2021-2022 Events


Please see below for our schedule of events for 2021-2022. These events include talks organized by SEISMIC and SEISMIC institutions, as well as events SEISMIC is co-sponsoring, and are open to anyone interested to attend. For more information, please contact our Speaker Events Bureau at  seismic.speakers.bureau@umich.edu  

Thursday

Sept. 16

12 pm EST

Sponsored by the Society for the Advancement of Biology Education Research (SABER) and  co-sponsored by the SEISMIC Collaboration, and the ASU RISE Center.

 

 

“Understanding oppression faced by Asian Americans”

Speaker: Sapna Cheryan, PhD, University of Washington  

Different racial and ethnic groups in the U.S. have been subordinated in different ways. This work integrates a dimension of cultural foreignness (Zou & Cheryan, 2017) along with the more commonly studied dimension of perceived status to understand forms of prejudice faced by Asian Americans. Using controlled laboratory and field experiments, self-generated discrimination experiences, and U.S. court cases, I will demonstrate Asian Americans’ perceived positioning as high status and culturally foreign in U.S society and consequences for the forms of discrimination they face. I will further provide experimental evidence that discrimination-based cultural foreignness may be seen by White Americans as less harmful than other forms of discrimination. This work moves beyond a “one size fits all” approach to discrimination to document the distinct forms of discrimination faced by Asian Americans in U.S. society and the accompanying challenges in addressing these forms of discrimination.

Talk Recording

 

Thursday

Oct. 21

12 pm EST

Sponsored by the Society for the Advancement of Biology Education Research (SABER) and  co-sponsored by the SEISMIC Collaboration, and the ASU RISE Center.

 

 

“The meaning beyond the words: How language, race, & culture impact science teaching & learning”

Speaker: Bryan Brown, PhD, Stanford University 

This presentation explores how race, culture, and language intersect to create the condition of contemporary learning. For years, research on the language of classrooms explored how the way we say things impacts students’ sense of belonging. Despite this research, STEM education has failed to adequately explore how issues of race, language, and culture shape the outcomes of teaching and learning in science. Through a sequence of research, this presentation explores the theoretical and pragmatic aspects of this dilemma. From a theoretical perspective, the talk will explore the Language-Identity dilemma. As students learn, the way academic language is taught to them can present a cognitive and cultural conflict. From a cognitive perspective, if science is taught without respect to the implications of how language is learned, students can be misunderstood and misunderstand the teacher’s complex discourse. From a cultural conflict perspective, students may feel they are cultural outsiders when the language of the classroom positions them as outsiders. The presentation provides an overview of a series of qualitative and quantitative experiments that document the realities of this complex interaction.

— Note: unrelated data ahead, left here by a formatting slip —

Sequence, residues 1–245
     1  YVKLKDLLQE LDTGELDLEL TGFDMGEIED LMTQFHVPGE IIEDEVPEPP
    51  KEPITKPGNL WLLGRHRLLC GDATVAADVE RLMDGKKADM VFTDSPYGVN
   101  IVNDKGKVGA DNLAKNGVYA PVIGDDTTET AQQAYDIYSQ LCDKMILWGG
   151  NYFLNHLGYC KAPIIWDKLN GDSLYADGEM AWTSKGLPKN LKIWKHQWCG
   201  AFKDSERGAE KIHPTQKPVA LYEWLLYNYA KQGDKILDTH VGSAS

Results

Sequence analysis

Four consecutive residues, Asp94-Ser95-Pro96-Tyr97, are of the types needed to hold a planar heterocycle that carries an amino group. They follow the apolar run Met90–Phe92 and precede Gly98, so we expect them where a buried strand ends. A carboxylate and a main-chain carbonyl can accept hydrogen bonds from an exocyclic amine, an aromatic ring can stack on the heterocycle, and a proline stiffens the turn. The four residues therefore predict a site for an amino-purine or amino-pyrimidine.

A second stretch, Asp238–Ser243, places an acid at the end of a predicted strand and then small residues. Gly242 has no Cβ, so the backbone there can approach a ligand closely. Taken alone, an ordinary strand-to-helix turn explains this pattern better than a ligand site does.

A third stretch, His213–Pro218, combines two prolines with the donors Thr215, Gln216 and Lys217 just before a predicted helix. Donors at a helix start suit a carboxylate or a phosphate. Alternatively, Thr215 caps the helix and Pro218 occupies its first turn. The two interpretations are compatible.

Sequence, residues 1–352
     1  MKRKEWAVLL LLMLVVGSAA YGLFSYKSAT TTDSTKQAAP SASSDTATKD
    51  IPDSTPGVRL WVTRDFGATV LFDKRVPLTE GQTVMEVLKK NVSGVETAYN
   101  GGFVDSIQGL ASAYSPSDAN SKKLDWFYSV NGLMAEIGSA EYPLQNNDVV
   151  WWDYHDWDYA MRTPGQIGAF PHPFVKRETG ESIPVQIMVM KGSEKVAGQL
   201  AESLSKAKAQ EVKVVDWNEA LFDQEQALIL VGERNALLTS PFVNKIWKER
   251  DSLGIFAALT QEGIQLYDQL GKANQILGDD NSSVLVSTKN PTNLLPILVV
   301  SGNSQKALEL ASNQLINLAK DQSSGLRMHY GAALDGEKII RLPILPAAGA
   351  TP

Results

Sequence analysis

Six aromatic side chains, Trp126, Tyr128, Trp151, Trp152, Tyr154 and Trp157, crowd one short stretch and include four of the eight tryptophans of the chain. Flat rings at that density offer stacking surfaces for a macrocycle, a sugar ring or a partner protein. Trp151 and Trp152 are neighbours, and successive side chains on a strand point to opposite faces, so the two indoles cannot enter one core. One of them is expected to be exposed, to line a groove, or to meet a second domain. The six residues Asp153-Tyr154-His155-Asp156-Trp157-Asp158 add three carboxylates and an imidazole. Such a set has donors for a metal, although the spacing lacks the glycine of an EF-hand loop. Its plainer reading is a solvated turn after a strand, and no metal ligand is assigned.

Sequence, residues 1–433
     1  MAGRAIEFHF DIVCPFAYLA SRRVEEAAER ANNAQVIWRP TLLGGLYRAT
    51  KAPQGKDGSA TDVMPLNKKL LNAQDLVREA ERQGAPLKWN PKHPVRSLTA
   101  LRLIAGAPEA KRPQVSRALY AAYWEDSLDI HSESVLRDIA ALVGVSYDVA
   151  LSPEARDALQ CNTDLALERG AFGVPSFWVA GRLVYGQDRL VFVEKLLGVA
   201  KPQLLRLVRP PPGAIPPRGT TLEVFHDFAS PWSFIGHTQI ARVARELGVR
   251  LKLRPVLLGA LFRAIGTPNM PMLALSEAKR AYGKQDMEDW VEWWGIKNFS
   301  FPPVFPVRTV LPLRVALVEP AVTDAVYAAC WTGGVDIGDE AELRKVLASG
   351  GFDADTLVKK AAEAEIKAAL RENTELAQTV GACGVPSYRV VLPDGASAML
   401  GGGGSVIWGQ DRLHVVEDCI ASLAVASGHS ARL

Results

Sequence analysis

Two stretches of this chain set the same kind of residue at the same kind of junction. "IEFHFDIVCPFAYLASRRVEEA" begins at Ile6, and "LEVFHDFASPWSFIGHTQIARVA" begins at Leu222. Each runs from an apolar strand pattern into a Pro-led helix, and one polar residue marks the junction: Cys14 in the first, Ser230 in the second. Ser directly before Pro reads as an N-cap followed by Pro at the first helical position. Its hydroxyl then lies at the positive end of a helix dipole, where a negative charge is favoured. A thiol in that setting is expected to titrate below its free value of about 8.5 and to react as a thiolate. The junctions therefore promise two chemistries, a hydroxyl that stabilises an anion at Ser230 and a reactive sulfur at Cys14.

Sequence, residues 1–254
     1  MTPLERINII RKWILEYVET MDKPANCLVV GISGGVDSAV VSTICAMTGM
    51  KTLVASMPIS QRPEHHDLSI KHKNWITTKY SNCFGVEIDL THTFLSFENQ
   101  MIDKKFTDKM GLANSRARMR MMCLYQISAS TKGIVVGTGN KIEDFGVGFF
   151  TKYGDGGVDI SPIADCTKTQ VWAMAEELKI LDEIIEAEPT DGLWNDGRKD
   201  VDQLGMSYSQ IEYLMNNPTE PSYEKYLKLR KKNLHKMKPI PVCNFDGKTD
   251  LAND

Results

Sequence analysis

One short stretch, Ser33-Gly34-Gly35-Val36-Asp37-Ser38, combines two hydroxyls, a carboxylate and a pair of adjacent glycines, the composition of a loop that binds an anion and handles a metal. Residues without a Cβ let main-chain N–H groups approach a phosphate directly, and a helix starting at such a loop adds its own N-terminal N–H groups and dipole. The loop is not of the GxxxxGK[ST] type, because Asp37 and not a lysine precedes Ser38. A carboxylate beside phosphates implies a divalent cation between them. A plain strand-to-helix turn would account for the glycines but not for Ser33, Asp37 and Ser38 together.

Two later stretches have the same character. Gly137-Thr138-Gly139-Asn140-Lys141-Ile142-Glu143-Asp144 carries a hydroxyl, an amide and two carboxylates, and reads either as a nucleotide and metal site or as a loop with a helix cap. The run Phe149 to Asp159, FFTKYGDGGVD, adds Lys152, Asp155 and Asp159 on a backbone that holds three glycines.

Zoom link

Link to flyer

 

Thursday

Nov. 18

12 pm EST

Sponsored by the Society for the Advancement of Biology Education Research (SABER) and  co-sponsored by the SEISMIC Collaboration, and the ASU RISE Center.

 

 

“Mapping the terrain of othering: Religious, gendered, and racial exclusion on historically white campuses”